An Arizona school district has reversed its policy of prohibiting Arizona Christian University education students from doing their student teaching in the district.
The board of the Washington Elementary School District, which covers Phoenix and Glendale, changed its stance in Wednesday’s settlement of a lawsuit filed by Alliance Defending Freedom on behalf of ACU two months ago.
In February, the district’s governing board, which KSAZ-TV said has three LGBT members, voted 5-0 to end the district’s 11-year relationship with the university because of the university’s beliefs in Christian values, specifically in the area of sexuality and marriage, according to an ADF news release.
The break came despite no reports of complaints regarding the behavior of ACU student teachers.
“By discriminating against Arizona Christian University and denying it an opportunity to participate in the student-teacher program because of its religious status and beliefs, the school district was in blatant violation of the U.S. Constitution, not to mention state law that protects ACU’s religious freedom,” David Cortman, ADF senior counsel and vice president of U.S. litigation, said in a statement.
“At a time when a critical shortage of qualified, caring teachers exists, the Washington Elementary School District board did the right thing by prioritizing the needs of elementary school children and agreeing to partner once again with ACU’s student-teachers,” said Cortman, who represented ACU in federal district court.
As part of the settlement with ACU, the board agreed to pay $25,000 in attorneys’ fees.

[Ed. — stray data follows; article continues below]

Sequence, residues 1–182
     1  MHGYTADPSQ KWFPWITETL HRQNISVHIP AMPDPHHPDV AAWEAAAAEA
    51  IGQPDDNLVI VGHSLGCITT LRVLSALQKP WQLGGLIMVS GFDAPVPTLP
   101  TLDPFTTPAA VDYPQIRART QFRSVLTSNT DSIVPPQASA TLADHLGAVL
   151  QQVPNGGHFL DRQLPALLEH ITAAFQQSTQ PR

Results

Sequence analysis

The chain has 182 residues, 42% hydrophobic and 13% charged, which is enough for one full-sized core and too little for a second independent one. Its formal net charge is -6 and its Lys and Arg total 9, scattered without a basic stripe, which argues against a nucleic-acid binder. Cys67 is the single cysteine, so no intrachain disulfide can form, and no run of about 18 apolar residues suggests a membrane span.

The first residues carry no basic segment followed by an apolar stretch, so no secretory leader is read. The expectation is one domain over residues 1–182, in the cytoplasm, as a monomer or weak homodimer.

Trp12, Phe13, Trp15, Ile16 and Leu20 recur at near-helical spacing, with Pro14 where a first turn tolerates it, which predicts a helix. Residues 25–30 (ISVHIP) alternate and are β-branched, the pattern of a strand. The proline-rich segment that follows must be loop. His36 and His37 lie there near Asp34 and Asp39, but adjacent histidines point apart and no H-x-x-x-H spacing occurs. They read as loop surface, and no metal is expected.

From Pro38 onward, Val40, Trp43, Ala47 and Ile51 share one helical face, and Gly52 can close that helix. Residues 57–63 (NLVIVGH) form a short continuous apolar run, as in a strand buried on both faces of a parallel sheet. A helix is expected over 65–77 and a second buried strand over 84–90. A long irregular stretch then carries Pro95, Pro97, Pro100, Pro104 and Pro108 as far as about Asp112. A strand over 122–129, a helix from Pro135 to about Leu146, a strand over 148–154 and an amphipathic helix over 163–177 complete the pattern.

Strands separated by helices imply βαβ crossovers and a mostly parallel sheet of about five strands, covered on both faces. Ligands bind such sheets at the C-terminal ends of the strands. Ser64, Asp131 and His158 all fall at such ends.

University President Len Munsil said more than a hundred ACU students have trained within the district, with 25 eventually being hired full-time, KSAZ reported.
It was at a Feb. 23 meeting that the school board voted to eject ACU students from its schools.
During the debate, board member Tamillia Valenzuela — who describes herself in her biography on the district’s website as “a bilingual, disabled, neurodivergent Queer Black Latina” and attended the meeting wearing furry cat ears — said teachers from the university would make students feel unsafe.
She said she had “concerns” after looking at ACU’s website and read aloud the first “core commitment” on the school’s “Mission” page: “Before all else, be committed to Jesus Christ — accomplishing His will and advancing His kingdom on earth as in heaven.”
“At some point, we need to get real with ourselves and take a look at who we’re making legal contracts with and the message that that is sending to our community,” Valenzuela said. “Because that makes me feel like I could not be safe in this school district.”
“That makes other queer kids … [feel] that they could not be safe in this community,” she said.
The subsequent ADF lawsuit noted that the board raised questions about how individuals could be “committed to Jesus Christ” and still respect LGBT students and members of the school board.
Troublesome beliefs for board members apparently included portions of the ACU student handbook, according to KSAZ.
Among those beliefs are recognition of marriage as existing only between a man and a woman “with absolute marital fidelity.”
The handbook also cites specific roles of husbands and wives, including as fathers and mothers, and of the role of children.
“It is our firm conviction that we uphold the dignity of each individual as we embrace the unchanging and longstanding principles of scriptural truth,” the handbook says.
It also calls on ACU community members to avoid sex outside of marriage, including same-sex activities.
ADF is regularly involved in religious freedom issues, a biblically recognized pattern used by the Apostle Paul long ago in the face of religious persecution and his making an appeal to the highest levels of the Roman government (Acts 25:11).
Paul’s actions are good to remember amid increasing legal conflicts between LGBT activists and people who adhere to biblical principles.
This article appeared originally on The Western Journal.
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